Stale Thoughts and Broken Links

Old entries from my weblog on geophysics and the energy industry.


Los Angeles Times: Carbon Dioxide Emissions Jump 2.7% in the U.S.

"Perry Lindstrom, an energy expert for the federal agency, said the 2.7% increase in carbon dioxide emissions is a `normal fluctuation' from the average annual growth rate of 1.5%." ...

"China, the world's second-largest generator of greenhouse gases, has reduced its emissions by 17% since the mid-1990s by replacing old coal-fired power plants with more efficient ones. Over the same period, China's gross domestic product grew 36%."

Houston Business Journal: Energy companies learning a valuable recruiting lesson.

"Many industry executives believe their biggest challenge is the aging of the oil and gas work force `without sufficient young talent to replace it,' according to a recent survey conducted by Gelb Consulting for the Society of Petroleum Engineers. More than half of those executives surveyed said they would not recommend a career in the oil industry to their children."

This kind of thing drives me crazy. These two articles are right next to each other on the OGJ web site --

Oil & Gas Journal: Analysts: Gas market 'air pocket' hurts industry, service sector.

"Faltering demand for natural gas will slash US producers' cash flow by 20% over the next year, triggering cancellations of North American drilling projects that will hit the service industry even harder...."

Oil & Gas Journal: Analyst says power plant demand will overwhelm gas industry.

"... US natural gas supply must rise a nearly "preposterous" 50% to more than 33 tcf by 2004 to serve electric generation in development."

> It's a schizophrenic industry ...


Yet another reason to doubt my choice of professions. During my time as a grad student at UT Austin, Livia Squires was one of many us who shared Paul Stoffa as an advisor. On her way to her PhD, she did some neat work on cross-hole tomography, if I remember correctly. After she finished, she did a post-doc at Caltech.

Now she's a stand-up comedian.

WSJ (subscription): Falling Energy Prices May Boost Economy, But Sharp Growth Could Lift Energy Costs.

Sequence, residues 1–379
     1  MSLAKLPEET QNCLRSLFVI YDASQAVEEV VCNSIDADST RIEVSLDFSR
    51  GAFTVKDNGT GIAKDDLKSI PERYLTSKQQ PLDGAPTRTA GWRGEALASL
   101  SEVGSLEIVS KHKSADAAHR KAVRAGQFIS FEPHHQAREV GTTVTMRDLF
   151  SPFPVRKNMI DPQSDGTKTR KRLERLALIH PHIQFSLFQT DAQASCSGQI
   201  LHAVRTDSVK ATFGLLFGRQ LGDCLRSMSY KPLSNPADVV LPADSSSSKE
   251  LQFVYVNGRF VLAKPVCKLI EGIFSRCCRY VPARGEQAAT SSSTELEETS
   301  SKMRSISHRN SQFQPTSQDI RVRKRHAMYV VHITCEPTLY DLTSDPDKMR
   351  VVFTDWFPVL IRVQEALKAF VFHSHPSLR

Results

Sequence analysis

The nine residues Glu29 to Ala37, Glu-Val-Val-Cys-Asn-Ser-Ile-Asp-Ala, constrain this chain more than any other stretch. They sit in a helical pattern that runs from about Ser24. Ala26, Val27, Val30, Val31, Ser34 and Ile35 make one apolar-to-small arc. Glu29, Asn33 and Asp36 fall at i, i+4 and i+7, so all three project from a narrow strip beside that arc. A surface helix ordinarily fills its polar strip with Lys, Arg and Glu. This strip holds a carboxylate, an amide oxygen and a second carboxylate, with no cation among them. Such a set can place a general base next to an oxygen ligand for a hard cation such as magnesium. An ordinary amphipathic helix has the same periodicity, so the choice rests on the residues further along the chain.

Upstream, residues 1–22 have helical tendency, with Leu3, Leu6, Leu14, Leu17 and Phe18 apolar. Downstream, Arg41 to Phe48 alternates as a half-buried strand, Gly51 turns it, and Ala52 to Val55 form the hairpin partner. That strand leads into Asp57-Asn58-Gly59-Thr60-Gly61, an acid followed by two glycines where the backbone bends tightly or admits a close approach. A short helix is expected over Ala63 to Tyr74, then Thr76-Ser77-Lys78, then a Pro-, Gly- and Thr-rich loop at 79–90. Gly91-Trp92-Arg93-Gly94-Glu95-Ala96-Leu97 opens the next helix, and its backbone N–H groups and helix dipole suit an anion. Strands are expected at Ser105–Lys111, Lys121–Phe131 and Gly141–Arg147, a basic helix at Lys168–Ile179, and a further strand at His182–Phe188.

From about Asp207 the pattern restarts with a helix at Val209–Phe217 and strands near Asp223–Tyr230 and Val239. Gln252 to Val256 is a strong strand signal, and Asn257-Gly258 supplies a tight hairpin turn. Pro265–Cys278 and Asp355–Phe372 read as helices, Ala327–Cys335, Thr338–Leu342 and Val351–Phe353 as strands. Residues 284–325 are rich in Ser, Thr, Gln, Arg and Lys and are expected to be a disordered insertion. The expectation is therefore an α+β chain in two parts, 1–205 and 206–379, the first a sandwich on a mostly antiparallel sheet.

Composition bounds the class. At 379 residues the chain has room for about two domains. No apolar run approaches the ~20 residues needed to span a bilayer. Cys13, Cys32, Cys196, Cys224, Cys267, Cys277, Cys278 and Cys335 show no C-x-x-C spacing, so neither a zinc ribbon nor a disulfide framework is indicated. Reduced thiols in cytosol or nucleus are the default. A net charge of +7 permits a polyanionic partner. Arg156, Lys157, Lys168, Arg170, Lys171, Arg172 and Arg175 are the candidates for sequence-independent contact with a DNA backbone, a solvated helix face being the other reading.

"But here is the catch: Prices have dropped in part because slowing economies in the U.S. and abroad have lessened demand. A sharp rebound in growth could tighten supplies and cause prices to rise." ...

"Crude-oil prices have slipped to about $25 a barrel from an average of $28.63 in May and more than $30 a year ago."


Oil & Gas Journal: Senate Appropriations panel expected to keep oil and gas research.

"Congressional sources said the committee is expected to mirror language approved by the House that would give $56 million to the Department of Energy's fossil energy program for oil research and development, a $26 million increase from the White House's request, and $1 million above the 2001 fiscal year funds. For gas, $40 million is earmarked, $19 million over the White House request but $5 million below last year's spending levels."

Reuters: Bush Launches Energy Conservation Measures.

"Bush said the federal government would push for stricter standards for `vampire appliances' such as computers, battery chargers and televisions that consume electricity even when not in use." ...

"Vampire devices, which constantly draw small amounts of electricity while plugged into wall outlets, consume about four percent of the electricity used by the average home owner. Nationwide, the appliances consume about 52 billion kilowatt hours each year, roughly the equivalent of the output from 26 average sized power plants."

Oil & Gas Journal: Phillips removes largest nonconcrete platform in North Sea from Maureen field.

"`The refloating of Maureen is a notable achievement,' said Henry McGee, president of Phillips' European Division. `Twenty years ago, Phillips' engineers looked into the future, designing and building a unique structure which, now that the Maureen reservoir is depleted, has been removed from the seabed and refloated.'"


WSJ (subscription): Oil Companies Grapple With How To Dispose of Abandoned Platforms.